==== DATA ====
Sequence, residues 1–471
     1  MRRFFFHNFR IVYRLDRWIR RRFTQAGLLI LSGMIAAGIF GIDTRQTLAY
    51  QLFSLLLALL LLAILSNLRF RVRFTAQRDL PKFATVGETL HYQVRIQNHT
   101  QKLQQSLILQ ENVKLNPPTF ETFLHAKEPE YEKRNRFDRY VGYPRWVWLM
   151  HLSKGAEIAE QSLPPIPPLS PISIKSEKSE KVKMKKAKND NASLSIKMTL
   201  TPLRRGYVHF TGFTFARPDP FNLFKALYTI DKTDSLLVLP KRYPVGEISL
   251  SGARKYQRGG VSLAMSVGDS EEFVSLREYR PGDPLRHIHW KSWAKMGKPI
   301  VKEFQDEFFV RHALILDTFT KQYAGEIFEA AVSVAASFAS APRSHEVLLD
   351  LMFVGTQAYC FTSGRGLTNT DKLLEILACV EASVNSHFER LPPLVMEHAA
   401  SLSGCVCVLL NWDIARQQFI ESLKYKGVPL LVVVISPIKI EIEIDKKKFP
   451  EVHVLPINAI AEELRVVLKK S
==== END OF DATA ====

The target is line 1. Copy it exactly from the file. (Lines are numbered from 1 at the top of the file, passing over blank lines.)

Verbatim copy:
Sequence, residues 1–471